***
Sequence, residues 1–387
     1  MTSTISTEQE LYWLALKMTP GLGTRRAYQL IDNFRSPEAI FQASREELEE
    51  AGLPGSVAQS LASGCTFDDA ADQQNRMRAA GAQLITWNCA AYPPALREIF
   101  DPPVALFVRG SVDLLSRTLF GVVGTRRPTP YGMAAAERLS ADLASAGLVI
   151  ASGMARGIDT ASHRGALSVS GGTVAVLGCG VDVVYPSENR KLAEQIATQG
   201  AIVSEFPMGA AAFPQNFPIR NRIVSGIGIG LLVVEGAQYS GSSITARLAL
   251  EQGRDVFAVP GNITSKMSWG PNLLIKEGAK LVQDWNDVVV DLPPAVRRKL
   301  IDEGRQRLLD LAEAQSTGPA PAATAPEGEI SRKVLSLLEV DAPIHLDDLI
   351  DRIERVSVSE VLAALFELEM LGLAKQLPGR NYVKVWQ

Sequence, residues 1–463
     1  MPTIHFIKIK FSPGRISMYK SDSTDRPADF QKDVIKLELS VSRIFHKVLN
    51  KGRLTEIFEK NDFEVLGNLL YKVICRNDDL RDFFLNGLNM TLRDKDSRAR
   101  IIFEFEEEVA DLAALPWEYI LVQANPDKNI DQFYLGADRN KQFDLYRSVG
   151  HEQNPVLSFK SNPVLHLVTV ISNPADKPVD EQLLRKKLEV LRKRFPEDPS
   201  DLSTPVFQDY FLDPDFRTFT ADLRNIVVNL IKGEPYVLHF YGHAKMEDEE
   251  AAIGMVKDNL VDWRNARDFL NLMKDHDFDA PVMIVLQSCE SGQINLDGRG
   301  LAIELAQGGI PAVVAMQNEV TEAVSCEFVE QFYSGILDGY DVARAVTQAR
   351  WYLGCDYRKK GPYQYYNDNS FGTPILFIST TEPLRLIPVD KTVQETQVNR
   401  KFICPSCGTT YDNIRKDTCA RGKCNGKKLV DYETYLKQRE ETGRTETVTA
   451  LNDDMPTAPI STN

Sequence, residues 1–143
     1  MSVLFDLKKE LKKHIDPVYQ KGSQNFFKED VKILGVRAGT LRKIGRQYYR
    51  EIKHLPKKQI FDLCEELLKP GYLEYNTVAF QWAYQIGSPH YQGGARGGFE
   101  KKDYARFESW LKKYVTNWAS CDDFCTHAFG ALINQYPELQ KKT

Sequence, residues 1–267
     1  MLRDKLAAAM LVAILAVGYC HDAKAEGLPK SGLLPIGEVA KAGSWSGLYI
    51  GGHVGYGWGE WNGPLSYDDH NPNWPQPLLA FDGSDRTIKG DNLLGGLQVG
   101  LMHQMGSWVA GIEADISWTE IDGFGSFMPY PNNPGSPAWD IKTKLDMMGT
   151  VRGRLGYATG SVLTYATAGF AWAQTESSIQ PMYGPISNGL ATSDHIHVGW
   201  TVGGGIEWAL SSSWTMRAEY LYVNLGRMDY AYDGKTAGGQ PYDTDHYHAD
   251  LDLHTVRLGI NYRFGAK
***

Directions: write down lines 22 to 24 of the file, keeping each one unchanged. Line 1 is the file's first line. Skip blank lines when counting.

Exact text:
     1  MSVLFDLKKE LKKHIDPVYQ KGSQNFFKED VKILGVRAGT LRKIGRQYYR
    51  EIKHLPKKQI FDLCEELLKP GYLEYNTVAF QWAYQIGSPH YQGGARGGFE
   101  KKDYARFESW LKKYVTNWAS CDDFCTHAFG ALINQYPELQ KKT